Perhaps the most striking element of Nyla Innuksuk's film is the way the aliens infect their prey. Their bodies become hollow husks as the parasite takes over, leaving a striking image that will be on your mind for days. The special effects, both practical and CG, are also quite impressive, although that probably isn't surprising given Innuksuk's work on virtual reality programs. However, what truly makes the film stand among the best of the year is how it utilizes the alien invasion as a potent metaphor for colonialism. Given how truly rotten some of the most influential sci-fi writers were (looking at you, Lovecraft), the importance of reclaiming and reinventing these tropes in a way that is not only thought-provoking but just flat-out fun can't be understated.

6. Something in the Dirt

Every time I watch a movie by Justin Benson and Aaron Moorhead, I have a ton of questions. What did I just watch? What does it all mean? How in the world did these guys manage to land "Moon Knight" and "Loki" for how unique they are as storytellers? "Something in the Dirt" is certainly no exception to this, and it's a bit of a miracle that something as richly constructed as it was able to be made on a shoestring budget and crew.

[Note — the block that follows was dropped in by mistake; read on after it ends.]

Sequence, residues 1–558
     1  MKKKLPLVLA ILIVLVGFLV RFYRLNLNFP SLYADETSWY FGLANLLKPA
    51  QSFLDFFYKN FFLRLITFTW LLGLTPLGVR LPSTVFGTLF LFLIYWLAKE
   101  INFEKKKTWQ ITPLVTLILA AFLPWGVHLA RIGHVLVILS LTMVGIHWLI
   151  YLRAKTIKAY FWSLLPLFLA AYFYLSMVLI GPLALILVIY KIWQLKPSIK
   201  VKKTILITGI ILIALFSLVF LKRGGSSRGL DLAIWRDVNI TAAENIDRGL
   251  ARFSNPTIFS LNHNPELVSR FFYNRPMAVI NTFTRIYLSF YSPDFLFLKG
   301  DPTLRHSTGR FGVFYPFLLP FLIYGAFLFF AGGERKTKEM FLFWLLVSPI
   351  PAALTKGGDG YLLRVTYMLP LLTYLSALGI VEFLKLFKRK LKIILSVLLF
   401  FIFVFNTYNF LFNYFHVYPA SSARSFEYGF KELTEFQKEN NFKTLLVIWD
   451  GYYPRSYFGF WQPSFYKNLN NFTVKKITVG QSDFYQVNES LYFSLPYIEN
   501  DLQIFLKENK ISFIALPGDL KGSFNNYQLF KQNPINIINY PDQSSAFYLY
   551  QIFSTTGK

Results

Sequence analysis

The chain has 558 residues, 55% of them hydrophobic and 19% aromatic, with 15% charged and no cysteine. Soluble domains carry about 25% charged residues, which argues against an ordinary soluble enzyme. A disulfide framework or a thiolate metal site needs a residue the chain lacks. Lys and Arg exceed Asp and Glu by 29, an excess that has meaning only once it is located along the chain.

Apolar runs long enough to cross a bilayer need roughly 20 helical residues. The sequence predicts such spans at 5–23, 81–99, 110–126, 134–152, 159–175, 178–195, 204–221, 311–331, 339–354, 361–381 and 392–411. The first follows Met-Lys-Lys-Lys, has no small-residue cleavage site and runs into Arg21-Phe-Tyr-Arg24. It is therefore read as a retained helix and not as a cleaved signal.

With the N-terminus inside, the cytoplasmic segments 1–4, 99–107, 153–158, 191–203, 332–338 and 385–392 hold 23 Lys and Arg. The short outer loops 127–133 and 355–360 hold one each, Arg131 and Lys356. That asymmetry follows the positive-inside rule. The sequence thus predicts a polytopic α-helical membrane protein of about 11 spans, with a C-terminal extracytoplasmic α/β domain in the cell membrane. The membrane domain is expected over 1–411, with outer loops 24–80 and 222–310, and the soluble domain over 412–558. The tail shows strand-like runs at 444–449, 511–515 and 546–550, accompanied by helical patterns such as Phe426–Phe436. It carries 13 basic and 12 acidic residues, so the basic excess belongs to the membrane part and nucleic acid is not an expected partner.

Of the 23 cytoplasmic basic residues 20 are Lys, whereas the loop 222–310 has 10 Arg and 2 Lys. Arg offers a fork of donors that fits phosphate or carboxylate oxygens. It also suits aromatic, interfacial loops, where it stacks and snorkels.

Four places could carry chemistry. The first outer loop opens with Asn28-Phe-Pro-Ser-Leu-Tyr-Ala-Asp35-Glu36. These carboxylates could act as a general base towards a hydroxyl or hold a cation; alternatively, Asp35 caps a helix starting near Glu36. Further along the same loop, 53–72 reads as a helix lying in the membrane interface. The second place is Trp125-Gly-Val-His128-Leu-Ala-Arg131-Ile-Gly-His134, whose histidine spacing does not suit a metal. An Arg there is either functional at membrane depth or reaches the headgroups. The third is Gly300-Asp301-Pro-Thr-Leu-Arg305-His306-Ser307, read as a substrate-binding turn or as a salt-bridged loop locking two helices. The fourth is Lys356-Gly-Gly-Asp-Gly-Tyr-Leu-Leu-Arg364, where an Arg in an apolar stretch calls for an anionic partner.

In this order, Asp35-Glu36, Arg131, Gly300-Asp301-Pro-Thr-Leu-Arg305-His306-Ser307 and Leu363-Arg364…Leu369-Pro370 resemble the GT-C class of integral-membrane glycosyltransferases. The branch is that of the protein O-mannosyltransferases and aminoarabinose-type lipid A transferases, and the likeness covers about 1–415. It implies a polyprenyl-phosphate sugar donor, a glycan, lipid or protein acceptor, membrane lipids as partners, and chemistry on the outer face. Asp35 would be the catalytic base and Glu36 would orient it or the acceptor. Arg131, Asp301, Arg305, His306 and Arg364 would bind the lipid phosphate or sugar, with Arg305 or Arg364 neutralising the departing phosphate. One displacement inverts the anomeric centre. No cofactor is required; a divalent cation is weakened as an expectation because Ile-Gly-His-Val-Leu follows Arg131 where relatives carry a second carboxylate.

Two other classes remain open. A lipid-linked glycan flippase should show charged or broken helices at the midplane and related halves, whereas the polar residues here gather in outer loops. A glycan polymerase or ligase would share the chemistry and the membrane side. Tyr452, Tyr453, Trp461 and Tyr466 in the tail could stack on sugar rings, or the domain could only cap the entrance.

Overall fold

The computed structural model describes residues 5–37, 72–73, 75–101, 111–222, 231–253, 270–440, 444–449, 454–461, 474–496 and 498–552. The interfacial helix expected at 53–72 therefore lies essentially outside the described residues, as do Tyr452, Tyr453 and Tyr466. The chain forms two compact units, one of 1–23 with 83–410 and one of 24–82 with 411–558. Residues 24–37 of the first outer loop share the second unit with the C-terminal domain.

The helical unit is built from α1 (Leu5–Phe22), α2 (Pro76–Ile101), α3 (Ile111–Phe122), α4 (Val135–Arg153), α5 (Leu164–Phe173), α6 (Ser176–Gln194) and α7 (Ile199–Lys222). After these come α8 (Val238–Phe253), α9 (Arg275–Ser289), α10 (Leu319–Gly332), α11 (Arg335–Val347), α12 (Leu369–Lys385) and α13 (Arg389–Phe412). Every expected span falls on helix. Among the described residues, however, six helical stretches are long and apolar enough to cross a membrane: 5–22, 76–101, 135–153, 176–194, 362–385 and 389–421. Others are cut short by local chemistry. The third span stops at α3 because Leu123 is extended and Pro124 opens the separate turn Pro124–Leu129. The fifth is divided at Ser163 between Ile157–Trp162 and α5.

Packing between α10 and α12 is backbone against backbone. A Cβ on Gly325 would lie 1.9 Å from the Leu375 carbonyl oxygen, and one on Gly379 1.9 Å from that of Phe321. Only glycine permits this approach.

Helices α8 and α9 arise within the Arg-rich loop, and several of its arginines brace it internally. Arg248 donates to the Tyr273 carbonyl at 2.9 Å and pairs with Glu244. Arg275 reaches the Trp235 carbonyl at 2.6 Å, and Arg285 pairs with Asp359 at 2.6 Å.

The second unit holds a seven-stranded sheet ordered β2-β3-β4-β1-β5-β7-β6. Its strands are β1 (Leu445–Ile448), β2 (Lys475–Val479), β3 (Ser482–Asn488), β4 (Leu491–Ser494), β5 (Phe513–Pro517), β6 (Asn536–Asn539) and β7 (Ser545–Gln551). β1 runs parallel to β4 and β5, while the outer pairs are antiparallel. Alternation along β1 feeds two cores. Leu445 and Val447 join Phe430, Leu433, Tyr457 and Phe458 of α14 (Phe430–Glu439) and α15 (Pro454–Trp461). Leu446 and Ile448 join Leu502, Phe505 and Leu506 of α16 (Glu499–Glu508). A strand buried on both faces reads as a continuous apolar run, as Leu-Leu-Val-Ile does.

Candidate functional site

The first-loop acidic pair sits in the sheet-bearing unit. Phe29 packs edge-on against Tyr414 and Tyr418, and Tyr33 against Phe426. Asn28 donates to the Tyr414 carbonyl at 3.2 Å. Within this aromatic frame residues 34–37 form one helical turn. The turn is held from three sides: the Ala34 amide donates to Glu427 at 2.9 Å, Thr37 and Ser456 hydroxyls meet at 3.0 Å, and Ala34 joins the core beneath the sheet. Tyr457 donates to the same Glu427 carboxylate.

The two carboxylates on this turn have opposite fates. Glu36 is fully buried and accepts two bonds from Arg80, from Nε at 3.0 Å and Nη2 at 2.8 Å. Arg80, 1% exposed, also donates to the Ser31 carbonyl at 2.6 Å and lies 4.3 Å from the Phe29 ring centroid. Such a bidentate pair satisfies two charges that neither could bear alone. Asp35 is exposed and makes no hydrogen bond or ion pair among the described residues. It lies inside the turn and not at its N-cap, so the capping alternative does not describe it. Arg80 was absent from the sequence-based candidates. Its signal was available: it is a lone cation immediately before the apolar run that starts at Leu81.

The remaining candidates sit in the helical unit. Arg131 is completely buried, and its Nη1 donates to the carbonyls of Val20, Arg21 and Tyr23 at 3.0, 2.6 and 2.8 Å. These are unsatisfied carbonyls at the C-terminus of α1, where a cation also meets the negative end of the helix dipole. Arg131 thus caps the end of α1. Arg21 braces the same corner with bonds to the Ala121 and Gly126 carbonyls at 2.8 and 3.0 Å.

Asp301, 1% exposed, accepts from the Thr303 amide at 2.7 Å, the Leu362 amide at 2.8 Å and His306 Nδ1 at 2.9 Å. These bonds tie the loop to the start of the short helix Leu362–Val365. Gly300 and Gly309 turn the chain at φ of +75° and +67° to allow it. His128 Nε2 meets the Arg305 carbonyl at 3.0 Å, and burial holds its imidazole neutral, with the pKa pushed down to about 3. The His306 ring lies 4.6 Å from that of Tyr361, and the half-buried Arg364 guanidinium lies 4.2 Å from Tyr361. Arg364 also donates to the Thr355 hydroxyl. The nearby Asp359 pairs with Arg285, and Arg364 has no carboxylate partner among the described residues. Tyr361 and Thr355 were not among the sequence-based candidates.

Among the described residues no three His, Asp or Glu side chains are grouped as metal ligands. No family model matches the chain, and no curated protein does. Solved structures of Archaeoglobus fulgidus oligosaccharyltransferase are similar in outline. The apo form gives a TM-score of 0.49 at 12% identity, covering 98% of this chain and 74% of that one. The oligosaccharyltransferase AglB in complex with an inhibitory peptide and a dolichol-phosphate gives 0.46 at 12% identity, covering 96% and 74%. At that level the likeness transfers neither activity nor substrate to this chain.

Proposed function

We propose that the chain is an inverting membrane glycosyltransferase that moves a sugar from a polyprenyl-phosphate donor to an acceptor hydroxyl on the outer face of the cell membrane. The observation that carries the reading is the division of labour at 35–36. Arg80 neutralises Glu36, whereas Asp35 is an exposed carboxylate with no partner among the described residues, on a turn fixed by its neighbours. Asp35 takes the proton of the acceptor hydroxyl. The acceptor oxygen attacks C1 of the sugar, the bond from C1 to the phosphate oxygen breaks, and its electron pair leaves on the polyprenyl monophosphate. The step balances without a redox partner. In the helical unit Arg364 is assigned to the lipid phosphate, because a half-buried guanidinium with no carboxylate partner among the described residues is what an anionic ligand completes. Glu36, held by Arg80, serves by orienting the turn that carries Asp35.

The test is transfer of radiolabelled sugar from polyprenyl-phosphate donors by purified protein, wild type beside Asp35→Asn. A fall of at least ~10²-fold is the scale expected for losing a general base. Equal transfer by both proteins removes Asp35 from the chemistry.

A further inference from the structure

There is so much happening in "Something in the Dirt," that it might be overwhelming to try and explain it all in a brief slide. However, what I can say is that it is a fascinating exploration of the influence of conspiracies and isolation on those who are more vulnerable than they might think they are. You know those types of people — the ones who say they would never fall for an obvious scam but do anyway. Instead of being happy or intrigued with each new discovery made by our central characters, there is a distinct sadness looming that only becomes more obvious as the film progresses. However, that very sadness is also integral to experiencing "Something in the Dirt," and you'll be hard-pressed to find a movie like it this year.